March 28, 2023
The eerie sound of the Earth's magnetic field

The eerie sound of the Earth’s magnetic field


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Despite being essential to life on Earth, the magnetic field is not something we can actually see by itself or ever hear. But, remarkably, scientists at the Technical University of Denmark have taken magnetic signals measured by ESA’s Swarm satellite mission and turned them into sound – and for something that protects us, the result is pretty terrifying.

The force that protects our planet

The Earth’s magnetic field is a complex and dynamic bubble that shields us from cosmic radiation and charged particles carried by strong winds flowing from the Sun. When these particles collide with atoms and molecules – mainly oxygen and nitrogen – in the upper atmosphere, some of the energy in the collisions is converted into the green-blue light characteristic of the northern lights, which can sometimes be seen from high northern latitudes.

While the aurora borealis offers a visual representation of charged particles from the Sun interacting with the Earth’s magnetic field, being able to hear the magnetic field generated by the Earth or its interaction with the solar winds is another matter.

Our magnetic field is largely generated by an ocean of superheated, swirling liquid iron that forms the outer core some 3000 km below our feet. Acting like a rotating conductor in a bicycle dynamo, it creates electric currents, which in turn create our ever-changing electromagnetic field.

Magnetic field strength at the Earth’s surface

Launched in 2013, ESA’s three Swarm satellites are used to understand exactly how our magnetic field is created by precisely measuring the magnetic signals coming not only from the Earth’s core, but also from the mantle, crust and oceans, as well as from ionosphere and magnetosphere. The Swarm also leads to new ideas about space weather.

Musician and project promoter Klaus Nielsen, from the Technical University of Denmark, explains: “The team used data from ESA’s Swarm satellites, as well as other sources, and used these magnetic signals to manipulate and control an audio representation of the nuclear field. The project was certainly a rewarding exercise in bringing art and science together.”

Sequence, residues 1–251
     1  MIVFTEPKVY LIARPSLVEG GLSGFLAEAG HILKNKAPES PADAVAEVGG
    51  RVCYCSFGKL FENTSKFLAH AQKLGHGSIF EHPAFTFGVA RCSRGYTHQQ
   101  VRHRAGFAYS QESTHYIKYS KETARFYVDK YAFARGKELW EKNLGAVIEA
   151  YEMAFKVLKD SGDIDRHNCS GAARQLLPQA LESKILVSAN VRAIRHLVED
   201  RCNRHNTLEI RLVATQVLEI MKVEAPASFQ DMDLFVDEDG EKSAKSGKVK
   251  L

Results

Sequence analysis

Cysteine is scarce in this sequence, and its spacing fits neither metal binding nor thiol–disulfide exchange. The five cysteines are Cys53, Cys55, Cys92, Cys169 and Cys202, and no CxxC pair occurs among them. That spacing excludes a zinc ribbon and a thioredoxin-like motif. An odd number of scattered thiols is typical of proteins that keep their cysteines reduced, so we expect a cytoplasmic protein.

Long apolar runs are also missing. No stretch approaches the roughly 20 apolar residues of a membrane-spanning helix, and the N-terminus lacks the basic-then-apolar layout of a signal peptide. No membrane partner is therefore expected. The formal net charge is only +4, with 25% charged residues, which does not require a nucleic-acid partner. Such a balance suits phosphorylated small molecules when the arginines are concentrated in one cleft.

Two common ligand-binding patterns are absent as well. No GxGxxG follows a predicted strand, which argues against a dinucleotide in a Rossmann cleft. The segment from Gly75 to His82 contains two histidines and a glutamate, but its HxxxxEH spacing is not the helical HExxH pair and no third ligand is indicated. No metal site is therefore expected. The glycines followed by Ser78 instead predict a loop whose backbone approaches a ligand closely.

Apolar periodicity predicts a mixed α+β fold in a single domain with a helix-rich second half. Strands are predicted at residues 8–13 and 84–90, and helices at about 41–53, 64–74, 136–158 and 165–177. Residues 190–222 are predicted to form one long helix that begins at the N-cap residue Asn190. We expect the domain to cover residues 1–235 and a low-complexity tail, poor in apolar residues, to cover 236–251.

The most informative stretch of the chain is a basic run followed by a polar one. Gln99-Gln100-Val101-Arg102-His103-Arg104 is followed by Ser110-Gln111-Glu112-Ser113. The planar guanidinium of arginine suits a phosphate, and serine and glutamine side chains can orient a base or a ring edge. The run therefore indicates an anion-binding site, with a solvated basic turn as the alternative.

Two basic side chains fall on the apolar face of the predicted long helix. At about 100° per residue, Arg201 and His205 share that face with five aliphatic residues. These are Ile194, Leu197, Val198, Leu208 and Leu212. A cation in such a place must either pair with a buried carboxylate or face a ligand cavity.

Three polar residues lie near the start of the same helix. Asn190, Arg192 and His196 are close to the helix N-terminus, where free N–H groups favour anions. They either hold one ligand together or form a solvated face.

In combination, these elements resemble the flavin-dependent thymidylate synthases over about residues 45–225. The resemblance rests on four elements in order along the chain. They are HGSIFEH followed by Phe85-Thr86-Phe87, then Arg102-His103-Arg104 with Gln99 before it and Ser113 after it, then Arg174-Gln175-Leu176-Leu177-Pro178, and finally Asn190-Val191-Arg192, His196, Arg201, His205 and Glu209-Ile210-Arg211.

It may sound like nightmares, but, remarkably, this audio clip represents the magnetic field generated by the Earth’s core and a solar storm.

“We gained access to a very interesting sound system consisting of over 30 loudspeakers dug into the ground in Solbjerg Square in Copenhagen.

“We’ve set it up so that each speaker represents a different location on Earth and shows how our magnetic field has fluctuated over the past 100,000 years.

“Throughout this week, visitors will be able to hear the amazing hum of our magnetic field – so if you’re in Copenhagen, come and see this unique opportunity.

“The hum of the Earth’s magnetic field is accompanied by a representation of a geomagnetic storm resulting from a solar flare on November 3, 2011, and it sounds pretty scary indeed.”

The intention, of course, isn’t to scare people – it’s a quirky way of reminding us that the magnetic field exists, and although its hum is a bit unsettling, the existence of life on Earth depends on it.

Magnetic field strength in the Earth’s lithosphere

Loudspeakers in Solbjerg Square in Copenhagen, Denmark will broadcast the hum of the Earth’s magnetic field on October 24–30 around 08:00, 13:00 and 19:00.

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